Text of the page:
Music Video Directors On The Rise Part 2

“I’m in house here at Kung-Fu records, I met the band and we hit it off,” Nate Weaver explained the simple formula. Usually up and coming directors seek out willing artists at bars and concerts, and these oftentimes fruitless efforts are tiring and discouraging. Due to budget restrictions indie music videos are often straight performance and usually what the label wants. But Weaver took a simple performance video and created a stunning ambiance through his lighting and post abilities. “Ten years ago,” Nate said, “I did stage lighting for cover bands which taught me how to create mood, surprise, and other emotions by dynamically changing the lighting. I like to think of myself as a decent photographer everything I do comes from lighting, photography, and composition.”

Tycho “Systems” – Director Brian Levi Bowman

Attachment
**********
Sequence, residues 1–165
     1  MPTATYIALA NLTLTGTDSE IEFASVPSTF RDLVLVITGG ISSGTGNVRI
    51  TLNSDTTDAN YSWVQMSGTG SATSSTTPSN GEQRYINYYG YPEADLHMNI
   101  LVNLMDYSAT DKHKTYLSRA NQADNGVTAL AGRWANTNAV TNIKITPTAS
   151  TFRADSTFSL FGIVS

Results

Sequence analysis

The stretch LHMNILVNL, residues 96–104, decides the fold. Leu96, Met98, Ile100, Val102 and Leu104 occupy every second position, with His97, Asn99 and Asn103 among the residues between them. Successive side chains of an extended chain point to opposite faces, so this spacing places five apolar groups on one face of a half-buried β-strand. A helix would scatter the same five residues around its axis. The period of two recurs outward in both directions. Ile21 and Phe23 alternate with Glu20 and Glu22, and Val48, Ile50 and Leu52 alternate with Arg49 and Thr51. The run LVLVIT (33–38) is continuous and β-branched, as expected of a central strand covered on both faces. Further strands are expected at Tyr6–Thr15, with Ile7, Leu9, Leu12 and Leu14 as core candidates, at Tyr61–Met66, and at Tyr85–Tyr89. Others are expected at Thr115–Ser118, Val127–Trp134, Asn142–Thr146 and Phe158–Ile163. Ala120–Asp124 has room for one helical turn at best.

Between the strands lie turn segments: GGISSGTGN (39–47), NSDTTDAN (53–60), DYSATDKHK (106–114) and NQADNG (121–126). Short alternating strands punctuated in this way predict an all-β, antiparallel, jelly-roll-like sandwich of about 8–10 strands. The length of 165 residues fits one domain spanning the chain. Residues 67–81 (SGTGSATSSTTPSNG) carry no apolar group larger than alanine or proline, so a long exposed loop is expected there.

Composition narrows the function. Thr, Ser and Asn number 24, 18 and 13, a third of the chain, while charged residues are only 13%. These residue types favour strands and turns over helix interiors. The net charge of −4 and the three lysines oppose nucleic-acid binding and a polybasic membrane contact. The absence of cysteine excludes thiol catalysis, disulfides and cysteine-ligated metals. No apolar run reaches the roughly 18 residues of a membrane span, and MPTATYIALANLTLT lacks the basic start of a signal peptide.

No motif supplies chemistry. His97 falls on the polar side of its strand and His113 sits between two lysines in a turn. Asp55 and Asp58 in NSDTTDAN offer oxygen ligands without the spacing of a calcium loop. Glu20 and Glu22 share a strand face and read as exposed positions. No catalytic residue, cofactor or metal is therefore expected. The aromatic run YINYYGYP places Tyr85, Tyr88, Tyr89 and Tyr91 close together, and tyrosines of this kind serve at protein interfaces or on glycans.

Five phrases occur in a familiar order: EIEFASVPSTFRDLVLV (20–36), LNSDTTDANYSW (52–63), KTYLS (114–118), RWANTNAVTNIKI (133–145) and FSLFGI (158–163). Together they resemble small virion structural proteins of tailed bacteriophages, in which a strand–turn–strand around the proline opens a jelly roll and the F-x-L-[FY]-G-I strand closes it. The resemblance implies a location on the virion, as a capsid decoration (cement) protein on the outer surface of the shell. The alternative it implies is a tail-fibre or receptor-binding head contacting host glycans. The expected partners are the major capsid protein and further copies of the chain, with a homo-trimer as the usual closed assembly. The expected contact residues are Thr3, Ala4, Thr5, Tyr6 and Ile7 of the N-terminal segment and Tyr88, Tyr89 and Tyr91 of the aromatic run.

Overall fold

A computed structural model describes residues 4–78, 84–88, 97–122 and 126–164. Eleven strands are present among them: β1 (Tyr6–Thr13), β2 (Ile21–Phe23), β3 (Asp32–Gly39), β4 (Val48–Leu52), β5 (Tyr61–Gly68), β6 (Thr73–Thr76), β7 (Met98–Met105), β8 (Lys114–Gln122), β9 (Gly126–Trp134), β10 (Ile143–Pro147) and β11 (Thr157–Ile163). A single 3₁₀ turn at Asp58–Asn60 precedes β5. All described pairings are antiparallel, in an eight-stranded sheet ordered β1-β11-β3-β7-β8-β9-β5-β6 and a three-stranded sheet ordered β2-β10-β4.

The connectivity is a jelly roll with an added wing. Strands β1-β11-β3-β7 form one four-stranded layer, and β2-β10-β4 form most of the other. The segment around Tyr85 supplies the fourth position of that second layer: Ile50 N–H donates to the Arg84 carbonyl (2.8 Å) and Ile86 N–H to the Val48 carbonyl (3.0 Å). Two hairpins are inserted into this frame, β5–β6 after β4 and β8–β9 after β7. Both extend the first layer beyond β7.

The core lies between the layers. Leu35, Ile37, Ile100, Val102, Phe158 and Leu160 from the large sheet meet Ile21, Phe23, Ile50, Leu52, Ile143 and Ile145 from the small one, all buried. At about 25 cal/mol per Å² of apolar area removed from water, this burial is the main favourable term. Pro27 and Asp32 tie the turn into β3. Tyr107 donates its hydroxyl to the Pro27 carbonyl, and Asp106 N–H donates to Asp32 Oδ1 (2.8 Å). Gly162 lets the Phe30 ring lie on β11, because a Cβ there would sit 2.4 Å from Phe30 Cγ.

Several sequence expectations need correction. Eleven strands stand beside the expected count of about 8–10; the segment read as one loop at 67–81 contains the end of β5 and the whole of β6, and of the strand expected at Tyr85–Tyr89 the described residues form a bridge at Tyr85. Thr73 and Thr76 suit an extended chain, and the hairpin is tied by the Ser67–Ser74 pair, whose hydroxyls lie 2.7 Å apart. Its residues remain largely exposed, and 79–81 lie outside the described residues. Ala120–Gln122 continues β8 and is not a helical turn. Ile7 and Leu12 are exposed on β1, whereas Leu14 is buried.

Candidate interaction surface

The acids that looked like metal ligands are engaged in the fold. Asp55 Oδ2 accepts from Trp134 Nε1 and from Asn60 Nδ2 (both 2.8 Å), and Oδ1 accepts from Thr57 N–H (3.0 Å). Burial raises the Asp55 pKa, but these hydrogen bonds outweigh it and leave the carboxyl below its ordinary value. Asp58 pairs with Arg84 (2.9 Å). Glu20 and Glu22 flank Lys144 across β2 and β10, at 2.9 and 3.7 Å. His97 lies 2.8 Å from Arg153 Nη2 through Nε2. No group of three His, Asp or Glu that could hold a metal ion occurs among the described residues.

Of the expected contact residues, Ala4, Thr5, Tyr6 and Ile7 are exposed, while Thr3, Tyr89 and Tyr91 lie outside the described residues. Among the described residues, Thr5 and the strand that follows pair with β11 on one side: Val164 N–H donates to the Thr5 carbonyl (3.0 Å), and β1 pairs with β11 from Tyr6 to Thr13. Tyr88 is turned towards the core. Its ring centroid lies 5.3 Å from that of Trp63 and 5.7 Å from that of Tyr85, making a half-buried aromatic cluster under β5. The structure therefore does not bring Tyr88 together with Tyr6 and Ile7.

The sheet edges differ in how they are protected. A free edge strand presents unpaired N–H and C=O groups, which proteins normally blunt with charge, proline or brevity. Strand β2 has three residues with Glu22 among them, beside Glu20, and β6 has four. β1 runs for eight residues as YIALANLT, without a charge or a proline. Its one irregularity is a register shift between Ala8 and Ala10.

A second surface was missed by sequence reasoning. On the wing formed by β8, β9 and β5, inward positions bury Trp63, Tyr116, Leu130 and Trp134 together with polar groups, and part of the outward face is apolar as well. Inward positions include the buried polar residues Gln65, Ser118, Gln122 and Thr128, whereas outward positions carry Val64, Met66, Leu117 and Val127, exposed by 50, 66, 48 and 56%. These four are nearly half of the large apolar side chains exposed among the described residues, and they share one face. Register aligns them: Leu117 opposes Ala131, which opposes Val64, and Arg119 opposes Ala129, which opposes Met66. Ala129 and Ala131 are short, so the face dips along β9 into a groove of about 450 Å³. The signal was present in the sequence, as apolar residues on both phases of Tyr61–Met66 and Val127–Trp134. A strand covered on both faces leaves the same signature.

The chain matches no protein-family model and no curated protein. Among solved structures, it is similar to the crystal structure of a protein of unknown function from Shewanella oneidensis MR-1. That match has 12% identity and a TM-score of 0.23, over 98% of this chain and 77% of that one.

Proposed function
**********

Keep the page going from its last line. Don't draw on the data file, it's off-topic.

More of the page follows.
The sacramental based director/animator Brian Bowman stumbled upon Scott Hansen’s website one day and immediately felt a kindred spirit. Scott is a graphic designer by trade and the creative force behind Tycho, he agreed to collaborate with Brian on the “Systems” music video. Using Scott’s background graphic, Brian crafted the 3-D effects using AfterEffects, Photoshop, and other software, like a true digital age aficionado. “Systems” was shot using a camera panning over a large graphic, resulting in very few cuts.

And so, a collaboration that began on a computer, flourished, and finally ended on a computer. But if work is defined as the dot product of the distance vector and the force vector, as my inner-nerd tells me, then no work has really been done. But then again, Brian is used to defying physics. “I was for a very long time inspired by the surreal artist Joseph Cornell,” One said. “[Cornell] crafted these little ballerina boxes that contained a micro-world of letters, postcards, memories…I’ve always been infatuated by how to document memories through objects.” And much of that infatuation is projected in his art.